Cultivating exotic mushroom species like the "shitake" with beer waste, is a possible project in the heart of Brussels. It is a "start-up" that has been brewing for three years: waste from a famous Brussels brewery, Cantillon, and other local "brasseries" minimize the ecological impact of the crop with the aim of contributing to the circular economy.
The initiative, dubbed "Le Champignon de Bruxelles" (The Mushroom of Brussels) is a cooperative created by three young graduates, convinced that cities are also a good place to produce food.
"The majority of food consumption takes place in cities. The idea is to produce closer to consumption and reconnect citizens with their food," explains to the economist Hadrien Velge, one of the founders of the project.
The mushroom greenhouse occupies 750 square meters of the 8,000 that form ‘Les Caves de Cureghem’, cellars built in the 19th century. The "champiñonera" of Brussels has been reborn now with this initiative that seeks to take advantage of this place, that is humid and sheltered from light.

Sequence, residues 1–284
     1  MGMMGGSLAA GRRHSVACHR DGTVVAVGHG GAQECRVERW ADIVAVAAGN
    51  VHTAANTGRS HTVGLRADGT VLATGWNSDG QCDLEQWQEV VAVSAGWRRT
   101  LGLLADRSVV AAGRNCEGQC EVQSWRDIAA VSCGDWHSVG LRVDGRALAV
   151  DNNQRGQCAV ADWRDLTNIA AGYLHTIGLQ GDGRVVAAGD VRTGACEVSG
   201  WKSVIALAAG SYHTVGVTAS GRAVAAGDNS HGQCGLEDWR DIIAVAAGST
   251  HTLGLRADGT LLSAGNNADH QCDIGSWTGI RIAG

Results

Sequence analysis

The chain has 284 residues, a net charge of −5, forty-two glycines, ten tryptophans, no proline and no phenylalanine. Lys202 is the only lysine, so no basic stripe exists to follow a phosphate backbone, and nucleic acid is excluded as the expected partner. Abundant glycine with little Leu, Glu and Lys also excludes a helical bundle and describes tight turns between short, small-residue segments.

"For now we produce 1.2 tons of mushrooms per month. They grow on a compound based on beer waste, rescued from the urban breweries that proliferate in Brussels, and which replaces wood as the main compound of the "soil" in the mushrooms grow.”
"This is a by-product that is wasted in the cities. ... Here, we transform this organic matter into a product that has a very interesting nutritional value," says the economist.
According to ie.invertalia.net, the Shitake, one of the most consumed mushrooms in Asia is progressively being introduced into European gastronomy.